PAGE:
- Bertram J: MATra - Magnet Assisted Transfection: combining nanotechnology and magnetic forces to improve intracellular delivery of nucleic acids. Curr Pharm Biotechnol. 2006, 7: 277-285. 10.2174/138920106777950825.View ArticleGoogle Scholar
- Ghosh P, Han G, De M, Kim CK, Rotello VM: Gold nanoparticles in delivery applications. Adv Drug Deliv Rev. 2008, 60: 1307-1315. 10.1016/j.addr.2008.03.016.View ArticleGoogle Scholar
- Rosi NL, Giljohann DA, Thaxton CS, Lytton-Jean AK, Han MS, Mirkin CA: Oligonucleotide-modified gold nanoparticles for intracellular gene regulation. Science. 2006, 312: 1027-1030. 10.1126/science.1125559.View ArticleGoogle Scholar
- Borm PJ, Robbins D, Haubold S, Kuhlbusch T, Fissan H, Donaldson K, Schins R, Stone V, Kreyling W, Lademann J, Krutmann J, Warheit D, Oberdorster E: The potential risks of nanomaterials: a review carried out for ECETOC. Part Fibre Toxicol. 2006, 3: 11-10.1186/1743-8977-3-11.View ArticleGoogle Scholar
- Dahl JA, Maddux BL, Hutchison JE: Toward greener nanosynthesis. Chem Rev. 2007, 107: 2228-2269. 10.1021/cr050943k.View ArticleGoogle Scholar
- Sylvestre J, Poulin S, Kabashin AV, Sacher E, Meunier M, Luong JHT: Surface Chemistry of Gold Nanoparticles Produced by Laser Ablation in Aqueous Media. J Phys Chem B. 2004, 108: 16864-16869. 10.1021/jp047134+.View ArticleGoogle Scholar
- Petersen S, Barcikowski S: In Situ Bioconjugation: Single Step Approach to Tailored Nanoparticle-Bioconjugates by Ultrashort Pulsed Laser Ablation. Adv Funct Mater. 2009, 19: 1167-1172. 10.1002/adfm.200801526.View ArticleGoogle Scholar
- Luo D, Saltzman WM: Enhancement of transfection by physical concentration of DNA at the cell surface. Nat Biotechnol. 2000, 18: 893-895. 10.1038/78523.View ArticleGoogle Scholar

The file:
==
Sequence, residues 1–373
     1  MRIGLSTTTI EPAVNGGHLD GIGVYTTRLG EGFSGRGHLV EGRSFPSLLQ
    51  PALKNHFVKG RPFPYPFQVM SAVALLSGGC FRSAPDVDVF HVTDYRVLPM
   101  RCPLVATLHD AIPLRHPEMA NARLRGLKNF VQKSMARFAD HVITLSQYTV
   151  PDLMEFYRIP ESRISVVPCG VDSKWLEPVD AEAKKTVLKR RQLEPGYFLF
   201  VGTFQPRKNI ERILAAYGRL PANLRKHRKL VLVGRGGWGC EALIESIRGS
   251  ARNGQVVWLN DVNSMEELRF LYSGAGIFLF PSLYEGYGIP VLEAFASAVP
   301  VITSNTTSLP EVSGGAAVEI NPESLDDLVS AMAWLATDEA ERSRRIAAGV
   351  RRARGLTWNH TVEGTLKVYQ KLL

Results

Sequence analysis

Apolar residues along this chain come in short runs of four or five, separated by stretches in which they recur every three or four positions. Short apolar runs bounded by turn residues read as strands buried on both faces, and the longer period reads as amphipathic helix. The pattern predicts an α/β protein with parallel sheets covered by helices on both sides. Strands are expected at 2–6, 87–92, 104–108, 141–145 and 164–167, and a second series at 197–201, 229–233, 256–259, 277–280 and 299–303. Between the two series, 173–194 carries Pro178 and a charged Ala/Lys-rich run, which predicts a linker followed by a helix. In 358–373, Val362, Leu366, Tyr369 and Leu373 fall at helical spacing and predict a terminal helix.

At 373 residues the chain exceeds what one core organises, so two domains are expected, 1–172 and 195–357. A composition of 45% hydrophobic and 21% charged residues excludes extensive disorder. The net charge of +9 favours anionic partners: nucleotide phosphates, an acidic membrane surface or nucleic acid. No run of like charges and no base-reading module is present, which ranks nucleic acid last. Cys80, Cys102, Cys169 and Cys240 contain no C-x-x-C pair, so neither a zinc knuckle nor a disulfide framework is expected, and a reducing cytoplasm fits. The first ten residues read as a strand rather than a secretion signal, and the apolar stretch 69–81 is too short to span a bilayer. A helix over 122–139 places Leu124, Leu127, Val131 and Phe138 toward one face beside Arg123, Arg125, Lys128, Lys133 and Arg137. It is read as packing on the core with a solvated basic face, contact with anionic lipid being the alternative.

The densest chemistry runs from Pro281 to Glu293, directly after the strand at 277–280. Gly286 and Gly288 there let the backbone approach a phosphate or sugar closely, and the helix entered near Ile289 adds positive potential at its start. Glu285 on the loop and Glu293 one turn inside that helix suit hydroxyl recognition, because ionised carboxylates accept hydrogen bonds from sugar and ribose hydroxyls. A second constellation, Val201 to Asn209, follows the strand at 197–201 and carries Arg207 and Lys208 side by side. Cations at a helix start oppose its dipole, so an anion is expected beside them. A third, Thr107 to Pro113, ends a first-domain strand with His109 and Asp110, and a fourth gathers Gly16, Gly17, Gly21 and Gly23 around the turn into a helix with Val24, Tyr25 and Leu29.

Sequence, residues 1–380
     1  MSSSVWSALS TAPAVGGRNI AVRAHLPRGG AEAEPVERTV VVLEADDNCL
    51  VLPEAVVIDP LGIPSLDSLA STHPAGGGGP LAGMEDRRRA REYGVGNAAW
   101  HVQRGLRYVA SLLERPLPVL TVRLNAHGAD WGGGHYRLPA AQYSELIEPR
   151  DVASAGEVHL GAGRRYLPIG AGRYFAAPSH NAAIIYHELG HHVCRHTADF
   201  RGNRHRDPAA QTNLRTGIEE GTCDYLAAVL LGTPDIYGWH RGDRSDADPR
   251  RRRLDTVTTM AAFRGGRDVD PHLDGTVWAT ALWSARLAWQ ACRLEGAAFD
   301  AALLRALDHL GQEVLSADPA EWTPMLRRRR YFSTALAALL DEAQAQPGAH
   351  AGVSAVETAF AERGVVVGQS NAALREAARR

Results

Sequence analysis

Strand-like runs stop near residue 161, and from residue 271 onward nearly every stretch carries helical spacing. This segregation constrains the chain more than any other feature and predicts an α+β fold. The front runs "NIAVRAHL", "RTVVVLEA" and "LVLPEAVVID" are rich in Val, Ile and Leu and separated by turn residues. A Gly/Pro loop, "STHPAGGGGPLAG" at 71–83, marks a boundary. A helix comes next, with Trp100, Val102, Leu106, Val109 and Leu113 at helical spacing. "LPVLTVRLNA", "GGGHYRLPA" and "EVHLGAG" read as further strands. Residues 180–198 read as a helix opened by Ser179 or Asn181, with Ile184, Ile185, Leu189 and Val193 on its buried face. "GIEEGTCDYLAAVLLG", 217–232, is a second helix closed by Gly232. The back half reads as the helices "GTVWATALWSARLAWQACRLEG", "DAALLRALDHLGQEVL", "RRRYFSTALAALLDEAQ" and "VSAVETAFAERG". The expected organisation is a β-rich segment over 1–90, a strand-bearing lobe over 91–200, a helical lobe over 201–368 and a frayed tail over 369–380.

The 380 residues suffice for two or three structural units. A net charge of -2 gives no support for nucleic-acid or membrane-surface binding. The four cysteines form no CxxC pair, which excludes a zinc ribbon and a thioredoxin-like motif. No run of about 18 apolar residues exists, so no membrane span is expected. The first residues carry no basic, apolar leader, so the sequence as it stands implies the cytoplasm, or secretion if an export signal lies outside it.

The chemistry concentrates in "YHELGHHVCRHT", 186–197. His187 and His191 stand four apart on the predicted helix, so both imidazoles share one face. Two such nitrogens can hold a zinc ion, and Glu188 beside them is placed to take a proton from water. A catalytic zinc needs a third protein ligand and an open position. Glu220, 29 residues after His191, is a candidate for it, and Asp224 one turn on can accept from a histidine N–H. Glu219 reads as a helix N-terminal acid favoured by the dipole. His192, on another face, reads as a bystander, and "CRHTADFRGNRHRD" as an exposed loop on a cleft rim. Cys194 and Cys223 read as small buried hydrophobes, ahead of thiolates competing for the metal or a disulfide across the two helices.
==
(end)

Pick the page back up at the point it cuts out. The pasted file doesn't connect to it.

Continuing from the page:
- Kamau SW, Hassa PO, Steitz B, Petri-Fink A, Hofmann H, Hofmann-Amtenbrink M, von Rechenberg B, Hottiger MO: Enhancement of the efficiency of non-viral gene delivery by application of pulsed magnetic field. Nucleic Acids Res. 2006, 34: e40-10.1093/nar/gkl035.View ArticleGoogle Scholar
- Schakowski F, Gorschluter M, Junghans C, Schroff M, Buttgereit P, Ziske C, Schottker B, Konig-Merediz SA, Sauerbruch T, Wittig B, Schmidt-Wolf IG: A novel minimal-size vector (MIDGE) improves transgene expression in colon carcinoma cells and avoids transfection of undesired DNA. Mol Ther. 2001, 3: 793-800. 10.1006/mthe.2001.0322.View ArticleGoogle Scholar
- Chithrani BD, Ghazani AA, Chan WC: Determining the size and shape dependence of gold nanoparticle uptake into mammalian cells. Nano Lett. 2006, 6: 662-668. 10.1021/nl052396o.View ArticleGoogle Scholar
- Yin W, Xiang P, Li Q: Investigations of the effect of DNA size in transient transfection assay using dual luciferase system. Anal Biochem. 2005, 346: 289-294. 10.1016/j.ab.2005.08.029.View ArticleGoogle Scholar